In a second bowl, whisk the wet ingredients together: oil, buttermilk, food coloring, eggs, vinegar, and vanilla. Mix the wet ingredients into the dry ingredients using a standing mixer until a smooth batter is formed.

From here, you can divide the batter evenly into the cake pans. Be sure to place the pans in the oven spaced apart evenly, so the heat is evenly distributed. While baking, rotate the pans halfway until the cake pulls away from the side of the pans. Try inserting a toothpick into the cake’s center. Once it comes out clean, usually in about 30 minutes, the cake is ready.

Take the cakes out of the oven and try running a knife around the edges to gently loosen them from the pans’ sides. Invert the cakes onto a plate and place them on cooling, rounded sides.

In order to ice the cake after it has cooled down:

1.   Place one layer in the middle of the rotating cake stand.

2.   Spread the frosting over the top of the cake using a palette knife or spatula.

3.   Try to spread enough frosting for a layer of ¼ to ½ inches.

4.   Carefully layer the cakes on top of each other, rounded-side down.

5.   Add a thick layer of frosting over the entire cake with the remaining frosting.

Cream Cheese Frosting:

  • 16 ounces of softened cream cheese
  • 4 cups confectioners’ sugar, sifted
  • 2 sticks unsalted butter (1 cup), softened
  • 1 teaspoon vanilla extract

Using a hand-held electric mixer or standing mixer, blend the cream cheese, sugar, and butter at low speed. From here, raise the speed to high and blend the frosting mix until you achieve a light, fluffy consistency. This should take roughly five minutes.

As you decrease the mixer’s speed to low, add the vanilla. Intermittently raise the speed to high and mix until fluffy. You’ll want to store the frosting in the refrigerator until it’s slightly stiffened before using it for optimal texture, or so it sticks to the cake. You should be able to store the frosting in the refrigerator for up to three days.

Recipe Variations

Over time, the red velvet cake recipe has incorporated a plethora of variations in its ingredients and baking methods.

According to Kraft Foods, which owns the famous Philadelphia Cream Cheese brand, cream cheese frosting was first introduced in the 1940s.

Many chefs have since experimented with various ingredients to modify or simplify the red velvet cake recipe. These include using a cup of oil instead of creaming butter or using shortening and flour. Other recipes have called for morello sour juice for a perfectly balanced acidic flavor.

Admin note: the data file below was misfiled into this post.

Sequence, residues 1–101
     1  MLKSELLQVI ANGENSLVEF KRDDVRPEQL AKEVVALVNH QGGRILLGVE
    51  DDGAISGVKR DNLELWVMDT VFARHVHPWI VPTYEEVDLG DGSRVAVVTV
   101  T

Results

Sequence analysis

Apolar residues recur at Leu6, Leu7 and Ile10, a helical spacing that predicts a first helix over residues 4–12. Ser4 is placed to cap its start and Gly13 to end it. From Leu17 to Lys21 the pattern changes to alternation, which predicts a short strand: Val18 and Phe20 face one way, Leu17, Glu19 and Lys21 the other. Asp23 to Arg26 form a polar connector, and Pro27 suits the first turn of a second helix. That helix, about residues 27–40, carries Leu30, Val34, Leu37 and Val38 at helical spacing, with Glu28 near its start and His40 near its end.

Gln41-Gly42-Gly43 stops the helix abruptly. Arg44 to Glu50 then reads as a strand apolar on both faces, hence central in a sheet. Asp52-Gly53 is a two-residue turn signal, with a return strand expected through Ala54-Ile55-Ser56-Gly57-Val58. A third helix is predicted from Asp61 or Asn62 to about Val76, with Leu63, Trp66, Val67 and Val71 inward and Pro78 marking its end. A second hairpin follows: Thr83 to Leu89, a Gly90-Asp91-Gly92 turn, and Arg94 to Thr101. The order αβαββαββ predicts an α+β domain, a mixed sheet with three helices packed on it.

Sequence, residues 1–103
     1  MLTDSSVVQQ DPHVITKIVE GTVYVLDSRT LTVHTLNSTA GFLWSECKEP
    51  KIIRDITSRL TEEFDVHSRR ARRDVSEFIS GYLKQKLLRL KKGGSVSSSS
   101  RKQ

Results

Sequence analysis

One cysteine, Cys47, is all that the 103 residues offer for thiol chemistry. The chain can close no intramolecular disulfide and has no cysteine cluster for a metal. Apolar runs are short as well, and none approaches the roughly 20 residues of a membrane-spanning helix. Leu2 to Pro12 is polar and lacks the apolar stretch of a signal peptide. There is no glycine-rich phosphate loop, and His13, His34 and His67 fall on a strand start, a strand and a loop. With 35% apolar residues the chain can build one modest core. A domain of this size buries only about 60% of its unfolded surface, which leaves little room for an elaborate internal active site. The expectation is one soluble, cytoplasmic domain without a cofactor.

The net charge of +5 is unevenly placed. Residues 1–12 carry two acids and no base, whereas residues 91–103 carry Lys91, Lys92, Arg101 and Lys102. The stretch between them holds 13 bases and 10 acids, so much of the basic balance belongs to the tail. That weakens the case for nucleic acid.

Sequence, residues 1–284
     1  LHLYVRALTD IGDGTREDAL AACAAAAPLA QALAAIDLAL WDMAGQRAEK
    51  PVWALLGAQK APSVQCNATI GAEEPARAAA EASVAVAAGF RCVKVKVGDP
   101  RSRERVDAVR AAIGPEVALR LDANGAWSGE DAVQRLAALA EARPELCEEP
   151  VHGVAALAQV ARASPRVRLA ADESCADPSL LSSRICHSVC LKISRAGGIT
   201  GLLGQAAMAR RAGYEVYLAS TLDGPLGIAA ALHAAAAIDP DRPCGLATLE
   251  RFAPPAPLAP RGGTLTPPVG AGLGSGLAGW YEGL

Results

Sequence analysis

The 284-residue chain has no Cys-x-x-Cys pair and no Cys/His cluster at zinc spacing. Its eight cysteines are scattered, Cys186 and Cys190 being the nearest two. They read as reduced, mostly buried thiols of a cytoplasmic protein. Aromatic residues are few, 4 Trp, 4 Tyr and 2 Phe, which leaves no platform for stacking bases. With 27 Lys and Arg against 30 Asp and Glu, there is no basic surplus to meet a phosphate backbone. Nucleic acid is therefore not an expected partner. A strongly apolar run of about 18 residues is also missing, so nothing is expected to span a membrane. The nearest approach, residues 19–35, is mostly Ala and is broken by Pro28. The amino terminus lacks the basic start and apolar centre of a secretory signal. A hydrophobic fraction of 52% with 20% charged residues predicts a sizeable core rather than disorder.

One popular variation created by a renowned pastry chef from Miller Union in Atlanta, Pamela Moxley, includes using beets to achieve the vibrant red color while using lots of acid to balance its taste. Paying homage to a traditional beet goat cheese salad, Moxley’s variation is topped with a goat cheese and cream cheese mixture, tarragon ice cream, and garnished with tiny beet chips.

Red Coloring Alternatives

As we discussed earlier, the primary differentiation between red velvet cake and chocolate cake is the red food coloring. Over the years, many have questioned whether the use of the dye Red #40 in food can contribute to health concerns. According to the Center for Science in the Public Interest, excessive consumption of this dye can cause various side effects, mainly hypersensitivity.

The red velvet cake recipe calls for a mere few tablespoons of red dye on average, so experiencing these side effects are pretty rare unless you constantly consume it.

Still, many bakers try to avoid these potential risks by incorporating various substitutes and alternatives to red dyes and food coloring. Some of these alternatives include:

  • Undiluted beet juice
  • Undiluted pomegranate juice
  • Beet powder
  • Dried hibiscus flowers that you have boiled in water, strained
  • Cranberries boiled with just enough water to cover, strained
  • Morello sour cherry juice


Red velvet cake has gained increased popularity over the years, not just as a cake recipe but also as a general flavor for many foods and drink items. From red velvet cupcakes to milkshakes to alcoholic beverages, people just can’t get enough of the red velvet craze.

What began as a marketing tactic to sell more food coloring has since become a staple in the pastry community. And with several recipe variations, bakers everywhere are putting their spin on it.

The distinction is typically so subtle that even a blindfold test of chocolate versus red velvet might be difficult to win when it comes to its taste. Still, that acidic, sweet taste mixed with cream cheese frosting is what keeps us coming back for more.